Former Mobster Girard Honors Jimmy Rosseli in the Blogosphere

The latest post on Sonny Girard's Mob Blog, which is part of his larger website Sonnys Mob Social Club, is a tribute to the recently deceased crooner Jimmy Rosseli, who never reached the heights of Sinatra's success -- some say this is because he refused "help" from Cosa Nostra; others say it is because he had a nasty streak and managed to bring out the worst in those around him. And one of our commentators writes, "Jimmy never reached Sinatra's heights because his repertoire was so heavily Neopolitan and therefore failed to impress a crossover audience. But because of his benefactors, he always worked."

Sonny usually writes about people and events with which he has some sort of personal connection, filling his writings with a greater degree of intimacy than is typical, which is exactly the case with Rosseli.

This tribute is written by a professional writer, who lived the life and was personal friends with Rosseli....

Sonny writes, Jimmy Roselli died last week. If not for the technology that preserves music beyond a mortal’s lifetime, we would have lost some of the best Neapolitan vocals of the past century. Though ten years younger than Frank Sinatra, Jimmy was brought up just a few doors from him in Hoboken, New Jersey. His greatest inspiration, as he always reminded us, was his grandfather. His Neapolitan love songs always kept his grandfather alive in him. As I listen to him singing now, I’m brought back to scattered memories of my own that he always evokes.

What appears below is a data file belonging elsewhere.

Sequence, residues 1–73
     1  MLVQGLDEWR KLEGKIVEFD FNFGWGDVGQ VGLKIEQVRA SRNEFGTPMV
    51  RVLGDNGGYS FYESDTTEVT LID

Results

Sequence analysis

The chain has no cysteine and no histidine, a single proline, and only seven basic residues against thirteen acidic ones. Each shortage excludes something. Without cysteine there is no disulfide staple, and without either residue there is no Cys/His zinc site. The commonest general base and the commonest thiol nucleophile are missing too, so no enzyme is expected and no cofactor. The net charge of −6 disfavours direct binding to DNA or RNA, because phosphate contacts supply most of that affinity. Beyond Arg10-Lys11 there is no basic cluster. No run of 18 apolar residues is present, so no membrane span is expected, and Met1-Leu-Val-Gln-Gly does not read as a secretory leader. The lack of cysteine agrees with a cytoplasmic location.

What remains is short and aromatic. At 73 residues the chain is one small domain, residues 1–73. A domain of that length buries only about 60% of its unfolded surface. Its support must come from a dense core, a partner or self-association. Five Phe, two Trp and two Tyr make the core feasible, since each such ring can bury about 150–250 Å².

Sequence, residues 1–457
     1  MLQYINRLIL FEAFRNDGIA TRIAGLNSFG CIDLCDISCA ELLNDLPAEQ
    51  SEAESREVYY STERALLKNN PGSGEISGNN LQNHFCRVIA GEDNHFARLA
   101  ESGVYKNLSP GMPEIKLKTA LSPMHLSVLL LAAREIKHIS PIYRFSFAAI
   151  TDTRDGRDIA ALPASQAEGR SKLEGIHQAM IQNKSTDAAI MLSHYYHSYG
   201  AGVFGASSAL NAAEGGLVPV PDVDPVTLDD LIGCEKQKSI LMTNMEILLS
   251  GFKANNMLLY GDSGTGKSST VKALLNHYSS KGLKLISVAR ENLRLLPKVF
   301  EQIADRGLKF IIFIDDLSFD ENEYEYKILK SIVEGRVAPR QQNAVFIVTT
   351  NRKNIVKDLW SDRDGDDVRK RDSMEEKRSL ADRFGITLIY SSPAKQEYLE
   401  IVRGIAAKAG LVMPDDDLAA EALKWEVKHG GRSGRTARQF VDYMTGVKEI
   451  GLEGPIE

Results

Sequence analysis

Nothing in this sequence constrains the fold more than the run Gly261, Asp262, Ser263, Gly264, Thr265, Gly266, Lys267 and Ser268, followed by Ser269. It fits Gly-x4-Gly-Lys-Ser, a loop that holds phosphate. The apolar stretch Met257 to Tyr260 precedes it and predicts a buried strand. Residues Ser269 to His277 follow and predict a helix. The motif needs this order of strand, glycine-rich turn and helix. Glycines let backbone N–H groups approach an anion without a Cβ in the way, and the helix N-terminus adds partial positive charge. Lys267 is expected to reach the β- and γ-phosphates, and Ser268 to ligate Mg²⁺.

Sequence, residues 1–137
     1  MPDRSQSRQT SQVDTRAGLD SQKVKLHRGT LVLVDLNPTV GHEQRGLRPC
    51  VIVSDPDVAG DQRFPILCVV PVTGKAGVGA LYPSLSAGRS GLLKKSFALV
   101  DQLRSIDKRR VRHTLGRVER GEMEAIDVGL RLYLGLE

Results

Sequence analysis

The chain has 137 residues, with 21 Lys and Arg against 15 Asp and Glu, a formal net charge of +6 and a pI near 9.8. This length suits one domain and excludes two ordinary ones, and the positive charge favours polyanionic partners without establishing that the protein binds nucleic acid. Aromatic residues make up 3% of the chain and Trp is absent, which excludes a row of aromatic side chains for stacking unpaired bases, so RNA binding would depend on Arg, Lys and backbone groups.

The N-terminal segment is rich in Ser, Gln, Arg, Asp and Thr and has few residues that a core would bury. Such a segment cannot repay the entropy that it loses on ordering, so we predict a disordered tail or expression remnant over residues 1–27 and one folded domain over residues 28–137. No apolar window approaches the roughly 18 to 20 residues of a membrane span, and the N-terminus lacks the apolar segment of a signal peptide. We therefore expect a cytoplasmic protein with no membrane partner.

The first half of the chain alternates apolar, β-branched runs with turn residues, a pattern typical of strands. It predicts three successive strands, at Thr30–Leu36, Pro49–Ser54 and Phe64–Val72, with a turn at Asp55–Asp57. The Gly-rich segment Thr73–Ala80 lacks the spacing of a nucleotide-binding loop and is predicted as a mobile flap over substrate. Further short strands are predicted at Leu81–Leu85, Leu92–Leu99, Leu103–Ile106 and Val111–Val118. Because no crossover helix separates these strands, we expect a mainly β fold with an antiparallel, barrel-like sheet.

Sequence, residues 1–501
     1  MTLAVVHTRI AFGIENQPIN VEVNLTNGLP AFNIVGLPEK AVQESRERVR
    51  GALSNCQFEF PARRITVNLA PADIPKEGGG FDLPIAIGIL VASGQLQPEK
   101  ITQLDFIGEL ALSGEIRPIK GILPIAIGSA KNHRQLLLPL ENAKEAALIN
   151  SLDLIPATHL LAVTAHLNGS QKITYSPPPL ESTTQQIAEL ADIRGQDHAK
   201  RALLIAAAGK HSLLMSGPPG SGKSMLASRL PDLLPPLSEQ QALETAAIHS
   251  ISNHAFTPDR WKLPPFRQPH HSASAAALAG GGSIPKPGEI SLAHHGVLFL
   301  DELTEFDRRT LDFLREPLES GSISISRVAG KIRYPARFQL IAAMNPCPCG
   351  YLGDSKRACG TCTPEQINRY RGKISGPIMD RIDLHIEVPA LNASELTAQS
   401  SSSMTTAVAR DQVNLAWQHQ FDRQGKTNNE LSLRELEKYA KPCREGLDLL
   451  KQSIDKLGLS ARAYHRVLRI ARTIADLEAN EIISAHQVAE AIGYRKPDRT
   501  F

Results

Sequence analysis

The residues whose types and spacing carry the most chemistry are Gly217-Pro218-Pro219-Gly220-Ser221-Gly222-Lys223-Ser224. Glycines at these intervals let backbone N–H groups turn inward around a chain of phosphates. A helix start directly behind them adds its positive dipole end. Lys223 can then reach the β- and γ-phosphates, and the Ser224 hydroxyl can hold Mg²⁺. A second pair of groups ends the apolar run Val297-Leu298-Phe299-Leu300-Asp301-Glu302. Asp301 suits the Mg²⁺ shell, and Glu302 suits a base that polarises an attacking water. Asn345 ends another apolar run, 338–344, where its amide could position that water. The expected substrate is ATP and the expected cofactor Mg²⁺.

Jimmy was popular among mostly Italian-Americans at a time when the community was repulsed by the transformation of traditional values to the sex, drugs, and rock ‘n roll of the Sixties. He gave them a link to their values of the past that was much more visceral than Sinatra, who was also idolized by the community, ever did. Sinatra gave you beautiful sounds and memories; Roselli reached inside you and permeated every cell; evoked emotions that made you cry with joy. The title of his 1998 book, “Making the Wiseguys Weep,” tells it all....


  1. e San Su San and Copa say it all. Jimmy sang at the wedding of Michael Franzese, and owed hs career to Sonny. Jimmy never reached Sinatra's heights because his repetoire was so heavily Neopolitan and therefore failed to mpress a cross over audience. Bt because of his benefacters he always worked


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